Airlines are still expanding despite their tax moans, writes Alastair Dalton
While the way the railways operate can make them seem like a parallel universe, the workings of the aviation industry often feel equally opaque.
The key thing to understand about Scottish air travel is its underlying, long-term growth – despite the recent spate of route closures. Until then, both Edinburgh and Glasgow airports, the country’s biggest by far, were handling record numbers of passengers.
Aviation has bounced back from successive major setbacks, from the World Trade Centre terrorist attack in 2001 to the recession of a decade ago.
The two airports’ route networks, particularly Edinburgh’s, have significant expanded since. The capital has four airlines competing on routes to New York and its environs. There are also currently four daily flights between Edinburgh, Glasgow and Middle Eastern hub airports, offering one-stop travel as far as Australia and New Zealand.
And in June, the first direct flights will take off between Edinburgh and Beijing in what could prove a new landmark for Scotland’s global air links.
The odd thing is, some airports and certain airlines have continued to portray the outlook as grim because of the impact of air passenger duty (APD), whose halving the Scottish Government has said it has been forced to shelve.
The tax is only charged on flights departing from UK airports. Cutting it by 50 per cent would save a passenger £6.50 on a short-haul trip and £39 on a long-haul service.
Some airlines have complained bitterly about APD, such as Ryanair, in justifying cutting most routes from Glasgow but expanding in Edinburgh. Others have been far more muted, with Jet2, also towards the budget end of the market, telling me it had not been a factor in its growth plans.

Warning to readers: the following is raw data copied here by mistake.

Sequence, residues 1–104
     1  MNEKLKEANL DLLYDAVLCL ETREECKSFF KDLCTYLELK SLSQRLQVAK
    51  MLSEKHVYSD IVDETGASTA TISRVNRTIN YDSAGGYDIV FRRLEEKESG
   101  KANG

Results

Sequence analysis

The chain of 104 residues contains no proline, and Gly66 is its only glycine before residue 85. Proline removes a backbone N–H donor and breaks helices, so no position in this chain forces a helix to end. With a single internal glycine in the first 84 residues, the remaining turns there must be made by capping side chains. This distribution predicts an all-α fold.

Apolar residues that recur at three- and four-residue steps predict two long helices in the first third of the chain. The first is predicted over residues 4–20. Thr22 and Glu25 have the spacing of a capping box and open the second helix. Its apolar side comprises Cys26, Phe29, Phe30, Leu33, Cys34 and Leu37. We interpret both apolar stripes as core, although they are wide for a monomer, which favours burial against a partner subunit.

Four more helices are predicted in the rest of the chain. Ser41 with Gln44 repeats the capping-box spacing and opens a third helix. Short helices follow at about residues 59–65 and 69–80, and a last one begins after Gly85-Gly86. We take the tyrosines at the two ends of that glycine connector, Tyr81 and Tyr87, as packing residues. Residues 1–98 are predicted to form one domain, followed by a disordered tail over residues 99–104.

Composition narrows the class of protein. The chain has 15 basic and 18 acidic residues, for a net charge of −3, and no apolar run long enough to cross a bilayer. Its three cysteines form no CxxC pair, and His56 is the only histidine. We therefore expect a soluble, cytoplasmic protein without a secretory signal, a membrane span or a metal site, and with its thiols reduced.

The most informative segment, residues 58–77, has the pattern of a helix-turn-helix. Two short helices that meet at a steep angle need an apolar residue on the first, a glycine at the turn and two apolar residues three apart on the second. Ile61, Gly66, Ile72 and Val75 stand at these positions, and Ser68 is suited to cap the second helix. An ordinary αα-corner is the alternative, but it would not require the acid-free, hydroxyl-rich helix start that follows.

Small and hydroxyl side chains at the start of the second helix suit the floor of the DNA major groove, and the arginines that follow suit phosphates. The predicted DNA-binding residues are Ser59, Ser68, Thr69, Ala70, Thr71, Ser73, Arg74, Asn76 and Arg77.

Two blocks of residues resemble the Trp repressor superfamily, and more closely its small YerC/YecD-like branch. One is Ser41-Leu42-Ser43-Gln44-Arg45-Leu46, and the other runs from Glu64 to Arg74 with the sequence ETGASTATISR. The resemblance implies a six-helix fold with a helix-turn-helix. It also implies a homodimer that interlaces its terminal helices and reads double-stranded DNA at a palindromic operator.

Despite APD, with the level of Middle Eastern and transatlantic competition from Edinburgh, you might think it unsurprising some would fall by the wayside.
As The Scotsman revealed two weeks ago, Etihad will close its route to Abu Dhabi in October, three years after launching it in competition with Qatar to Doha, and Emirates’ twice-daily flights between Glasgow and Dubai. The airline has told me APD was not a factor.
In the case of US flights, it is new entrant Norwegian feeling the pressure. The budget airline took on United, American and Delta’s New York City services, albeit by flying to Stewart, 90 minutes’ drive to the north. It also flew to two airports in Connecticut and Rhode Island, but axed one route last month and will suspend the other in October. Norwegian blamed APD for the first cut, but in confirming the second on 4 April, attributed the second to “lower demand”. Then an hour later, it added that APD had “demonstrably been dampening demand”, despite going on to admit demand had been no higher on the two US routes it is also cutting from Ireland, where there is no APD.
To cap it all, the airline said last week its Edinburgh-Stewart route would be increased to daily next winter compared to three flights a week this winter. It had also been reduced from daily last summer to four weekly flights this summer.
Despite such turbulence, those booking the tickets remain optimistic. As Ken McLeod, president of travel agents’ body the Scottish Passenger Agents Association, told me: “Edinburgh has a huge number of destinations in its portfolio, and will continue to grow and prosper with its wide variety of carriers.”